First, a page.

There was a sincerity to his gaze as he spoke those words that she found touching. They hadn’t known each other long and were still more colleagues than friends, but his kindness made her feel better about going into the house alone. He was right. She had managed to spook herself back at the cemetery and the feeling of it was still lingering in her gut. It was easier to be scared on your own than it was when other people were around. She watched his SUV’s tail-lights wink out around the street’s kerb and felt the urge to run after it and wave him down. But she didn’t. Because a shape by the fence across the street was just a sack of garbage, nothing more. It hadn’t moved. Some stray animal must have been at it, that’s why the black plastic was torn and fluttering like that. Whatever was in the sack must have been last night’s dinner. She could smell it in the air. It had gone rotten in the heat.

            “Isolation is the root of all fear,” she whispered as she took out her door keys.

            She let them hang there in her hand for a moment and clink together a few times. She waited until she was sure she could not hear a scratching sound coming from behind. She headed for the front door and unlocked the house. She should feel safer here; in her street where there were no tombstones and creepy dead people under the ground.

But what about those not under the ground?

            “Stop it.” she said to herself.

Everything around her was suffused with the elemental night-time blue of the moon. The houses, sidewalks, fences and front gardens with their bushes were arranged in serene, familiar patterns which soothed her eyes and mind. But still she squinted at the garbage sack across the street. It seemed to be more ragged than it had been a moment ago – had it moved? Were those tatters of cloth and not plastic?

Maybe some kid had torn up a shirt  and they’d had to bag it up. Yeah, something like that. The moon’s light was not shining on dirty old bones and there were no eyes over there, looking at her from a face which made more shadows than flesh on its bones.

Cheryl pushed the door open, stepped into the house and shut the front door hard. After a few minutes, her breathing settled down.

Dinner was lukewarm pizza from the microwave. Leftovers from last night’s takeaway before Phil and Lily left town, leaving her home alone. The house was not a home when it was this empty. She felt like a stranger.

            Cheryl turned the television on and cranked up the volume, creating false sounds of life to echo through the house. As time went by, she found it difficult to concentrate on the old film playing across the screen. It was one of her favourites; Some Like It Hot. Maybe it was because Tony Curtis and Jack Lemmon were in black and white and, in her periphery, the shadows of the house seemed to be moving in time with the monochrome patterns. Whenever she turned her eyes to look though, the shadows became still. She went back to watching the film. Tony Curtis and Jack Lemmon were walking through a blizzard in downtown Chicago. It was cold there, so cold.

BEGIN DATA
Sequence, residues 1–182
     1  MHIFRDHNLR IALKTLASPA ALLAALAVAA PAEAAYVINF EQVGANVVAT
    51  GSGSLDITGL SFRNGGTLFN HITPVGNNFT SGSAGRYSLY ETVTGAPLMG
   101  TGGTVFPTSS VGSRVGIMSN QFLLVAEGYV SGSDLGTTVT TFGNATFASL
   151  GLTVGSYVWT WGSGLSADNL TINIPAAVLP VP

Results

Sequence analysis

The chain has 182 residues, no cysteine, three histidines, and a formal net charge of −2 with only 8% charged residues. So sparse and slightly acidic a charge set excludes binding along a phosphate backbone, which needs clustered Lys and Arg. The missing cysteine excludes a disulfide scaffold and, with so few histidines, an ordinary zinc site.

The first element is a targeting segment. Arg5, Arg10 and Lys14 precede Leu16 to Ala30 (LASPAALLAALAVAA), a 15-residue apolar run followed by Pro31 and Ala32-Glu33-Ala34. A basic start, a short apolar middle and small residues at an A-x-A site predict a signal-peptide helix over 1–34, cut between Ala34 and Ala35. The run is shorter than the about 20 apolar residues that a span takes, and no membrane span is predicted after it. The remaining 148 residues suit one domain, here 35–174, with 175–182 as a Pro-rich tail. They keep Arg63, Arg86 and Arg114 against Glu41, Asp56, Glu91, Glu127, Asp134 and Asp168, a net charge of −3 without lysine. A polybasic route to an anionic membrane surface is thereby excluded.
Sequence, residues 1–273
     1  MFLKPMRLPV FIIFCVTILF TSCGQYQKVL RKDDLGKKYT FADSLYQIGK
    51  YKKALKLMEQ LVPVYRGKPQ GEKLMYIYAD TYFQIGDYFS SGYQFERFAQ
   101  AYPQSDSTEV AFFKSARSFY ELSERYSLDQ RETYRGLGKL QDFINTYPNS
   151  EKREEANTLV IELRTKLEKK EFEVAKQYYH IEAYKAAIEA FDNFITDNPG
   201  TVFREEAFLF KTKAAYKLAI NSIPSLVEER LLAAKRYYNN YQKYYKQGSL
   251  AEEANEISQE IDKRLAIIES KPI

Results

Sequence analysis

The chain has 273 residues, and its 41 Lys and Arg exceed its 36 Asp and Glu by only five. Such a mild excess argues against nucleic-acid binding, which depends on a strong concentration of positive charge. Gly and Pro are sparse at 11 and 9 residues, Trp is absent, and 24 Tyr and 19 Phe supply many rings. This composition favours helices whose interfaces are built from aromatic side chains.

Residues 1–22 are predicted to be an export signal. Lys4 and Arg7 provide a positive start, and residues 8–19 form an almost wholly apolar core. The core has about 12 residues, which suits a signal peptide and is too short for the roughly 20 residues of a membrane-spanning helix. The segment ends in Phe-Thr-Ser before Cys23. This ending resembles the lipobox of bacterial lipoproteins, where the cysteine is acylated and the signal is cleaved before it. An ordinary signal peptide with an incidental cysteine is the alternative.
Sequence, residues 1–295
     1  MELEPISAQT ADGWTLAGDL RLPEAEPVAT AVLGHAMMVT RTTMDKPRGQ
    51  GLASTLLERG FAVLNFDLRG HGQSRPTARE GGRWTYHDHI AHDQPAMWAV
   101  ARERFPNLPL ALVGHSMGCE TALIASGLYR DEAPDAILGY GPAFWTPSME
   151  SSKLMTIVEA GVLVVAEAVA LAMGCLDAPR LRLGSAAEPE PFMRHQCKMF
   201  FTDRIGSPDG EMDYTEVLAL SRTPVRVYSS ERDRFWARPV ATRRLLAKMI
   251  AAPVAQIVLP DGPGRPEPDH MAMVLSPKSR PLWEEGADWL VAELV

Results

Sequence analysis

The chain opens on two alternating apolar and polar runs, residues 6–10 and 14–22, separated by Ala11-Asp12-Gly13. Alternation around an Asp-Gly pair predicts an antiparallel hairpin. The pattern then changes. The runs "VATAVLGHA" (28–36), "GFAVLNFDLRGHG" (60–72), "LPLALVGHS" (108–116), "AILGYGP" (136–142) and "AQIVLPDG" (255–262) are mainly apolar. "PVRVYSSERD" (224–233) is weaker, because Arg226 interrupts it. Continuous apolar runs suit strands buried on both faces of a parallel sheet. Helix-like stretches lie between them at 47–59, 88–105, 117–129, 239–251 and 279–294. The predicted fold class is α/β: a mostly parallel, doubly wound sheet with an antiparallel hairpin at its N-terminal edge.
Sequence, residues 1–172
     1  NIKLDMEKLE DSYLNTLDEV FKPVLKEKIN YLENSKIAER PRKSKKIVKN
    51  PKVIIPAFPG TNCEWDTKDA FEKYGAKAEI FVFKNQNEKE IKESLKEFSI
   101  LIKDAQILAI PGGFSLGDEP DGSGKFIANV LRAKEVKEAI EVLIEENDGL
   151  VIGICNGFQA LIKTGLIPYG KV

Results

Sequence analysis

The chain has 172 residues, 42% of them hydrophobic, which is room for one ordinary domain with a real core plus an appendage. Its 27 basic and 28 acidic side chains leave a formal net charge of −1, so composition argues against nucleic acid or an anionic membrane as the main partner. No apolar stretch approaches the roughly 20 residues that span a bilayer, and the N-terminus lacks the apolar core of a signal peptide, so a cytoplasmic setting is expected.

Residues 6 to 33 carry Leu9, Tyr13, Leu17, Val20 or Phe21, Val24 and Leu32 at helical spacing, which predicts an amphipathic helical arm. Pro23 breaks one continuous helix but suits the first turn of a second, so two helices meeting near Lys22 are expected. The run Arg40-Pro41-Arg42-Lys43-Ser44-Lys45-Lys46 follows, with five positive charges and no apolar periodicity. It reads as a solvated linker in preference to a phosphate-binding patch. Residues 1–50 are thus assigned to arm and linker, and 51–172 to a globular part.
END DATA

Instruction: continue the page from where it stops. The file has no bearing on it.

She felt the cold biting at her toes. A cold like the shadows in the cemetery. Her mind kept returning to Damo’s words until it was running through her mind like a ritual chant drowning the playful dialogue of the film.

            ... you don’t want it to follow you home ...

Rubbing her eyes, Cheryl got up and turned off the television. Silence closed over the house like a mouth. Her fingers made fists in response. At least the play of shadows seemed to have come to an end. I must just be tired, she thought, too tired.

She decided to make a coffee to steady her nerves. It was late for coffee but she didn’t have much desire to sleep, not just just yet. The quiet of the house was broken only by the sound of her bare feet on polished wood and then lino. She was sure answering footsteps did not come from upstairs.

Up the wooden hill to Bedfordshire, as the old English saying goes.

            Cheryl swallowed her coffee in one gulp and then stayed in the light-saturated space of the kitchen until her feet began to feel numb from the cold floor. If Phil and Lily could see me now, she thought, literally jumping at shadows. I’d never live it down. But I’d never be like this if they were here either. I’ll feel better in the morning, just need to sleep this evening off. I’ll be fine.

            The house felt quiet and heavy around her. A weight from nowhere. A presence following behind. It was there on the stairs and it was there when she showered. It always seemed to be hiding behind another sound. When she stopped on the stairs, paused crossing the landing, or turned off the showerhead there was nothing but the silence of the house to greet her. I heard something though, she thought. Each time, she heard it. Something in the walls, lightly scratching away.

Cheryl took a sleeping pill to ease the effects of the caffeine, and listened out for the scratching once she was in bed. Almost willing it to come to her so she knew that she wasn’t hearing things. Clouds of the night passed across the bedroom window. She stared at them until she saw that horrible, hunched shape drawn across the curtains. She imagined its dirty bones under the light of the moon.